The recent capture at sea of 17 young Hong Kong activists as they attempted to escape to Taiwan was an all-too-familiar tale for older Hongkongers who risked life and limb in perilous journeys into or out of the city by water, but for three men, the story was deeply personal.
Memories of their own brushes with danger came flooding back for Cai Chongguo, Lew Mon-hung and Tsang Kin-shing when news emerged on Wednesday that the mainland Chinese coastguard had arrested 12 local activists allegedly en route to Taiwan.
Wednesday’s arrests came just days before Taiwanese media reported that five other Hong Kong activists had been intercepted by marine authorities from the self-ruled island late last month as they attempted to reach its shores, prompting the Hong Kong government to call on Taipei to return any criminal suspects in its custody to the city.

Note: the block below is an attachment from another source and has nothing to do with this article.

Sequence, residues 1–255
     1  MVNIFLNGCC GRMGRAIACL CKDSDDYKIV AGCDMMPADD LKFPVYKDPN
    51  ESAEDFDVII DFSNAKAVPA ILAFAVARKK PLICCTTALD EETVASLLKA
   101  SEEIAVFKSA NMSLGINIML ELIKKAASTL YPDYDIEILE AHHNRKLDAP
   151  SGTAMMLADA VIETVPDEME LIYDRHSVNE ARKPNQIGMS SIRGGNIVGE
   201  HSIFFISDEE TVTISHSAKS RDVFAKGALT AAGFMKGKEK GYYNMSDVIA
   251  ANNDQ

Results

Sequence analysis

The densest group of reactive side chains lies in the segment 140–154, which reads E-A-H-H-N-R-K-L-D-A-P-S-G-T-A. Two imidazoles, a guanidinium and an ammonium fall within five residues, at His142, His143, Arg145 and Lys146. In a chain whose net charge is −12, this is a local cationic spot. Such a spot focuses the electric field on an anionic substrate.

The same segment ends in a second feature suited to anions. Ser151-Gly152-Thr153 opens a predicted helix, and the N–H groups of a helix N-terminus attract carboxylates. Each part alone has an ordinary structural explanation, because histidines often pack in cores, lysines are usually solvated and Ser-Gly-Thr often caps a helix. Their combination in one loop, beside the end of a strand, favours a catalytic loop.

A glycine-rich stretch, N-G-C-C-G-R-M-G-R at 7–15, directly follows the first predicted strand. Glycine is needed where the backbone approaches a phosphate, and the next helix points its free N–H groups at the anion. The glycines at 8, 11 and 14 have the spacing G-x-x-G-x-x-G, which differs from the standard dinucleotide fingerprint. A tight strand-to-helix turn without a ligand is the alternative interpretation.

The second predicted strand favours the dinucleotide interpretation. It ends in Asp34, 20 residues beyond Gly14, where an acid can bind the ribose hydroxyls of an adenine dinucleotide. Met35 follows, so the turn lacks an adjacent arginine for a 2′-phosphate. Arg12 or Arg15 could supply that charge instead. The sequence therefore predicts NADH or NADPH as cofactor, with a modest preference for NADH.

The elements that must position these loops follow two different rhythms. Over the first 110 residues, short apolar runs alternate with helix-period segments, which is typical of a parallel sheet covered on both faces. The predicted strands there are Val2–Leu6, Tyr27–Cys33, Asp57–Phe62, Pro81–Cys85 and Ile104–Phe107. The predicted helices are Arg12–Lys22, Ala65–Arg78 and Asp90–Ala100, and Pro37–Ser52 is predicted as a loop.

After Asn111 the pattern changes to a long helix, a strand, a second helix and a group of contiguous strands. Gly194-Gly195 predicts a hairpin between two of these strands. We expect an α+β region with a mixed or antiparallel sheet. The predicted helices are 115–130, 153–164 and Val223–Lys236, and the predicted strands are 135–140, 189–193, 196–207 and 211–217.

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Cai told the Post he was heartbroken when he heard the news about the 12, as he once benefited from a legendary underground campaign to help activists flee mainland China in 1989.
Several weeks after the June 4 military crackdown crushed student-led protests at Beijing’s Tiananmen Square that year, Cai, then 34, was arranged to travel from Beijing to Shenzhen by operatives of Operation Yellow Bird. He was determined to leave mainland China after learning he was on Beijing’s wanted list because of his participation in the protests.
The campaign, which eventually smuggled about 150 dissidents out of the country, was funded by the Hong Kong Alliance in Support of Patriotic Democratic Movements of China, and the Federation of Students, a group that represented university students in Hong Kong.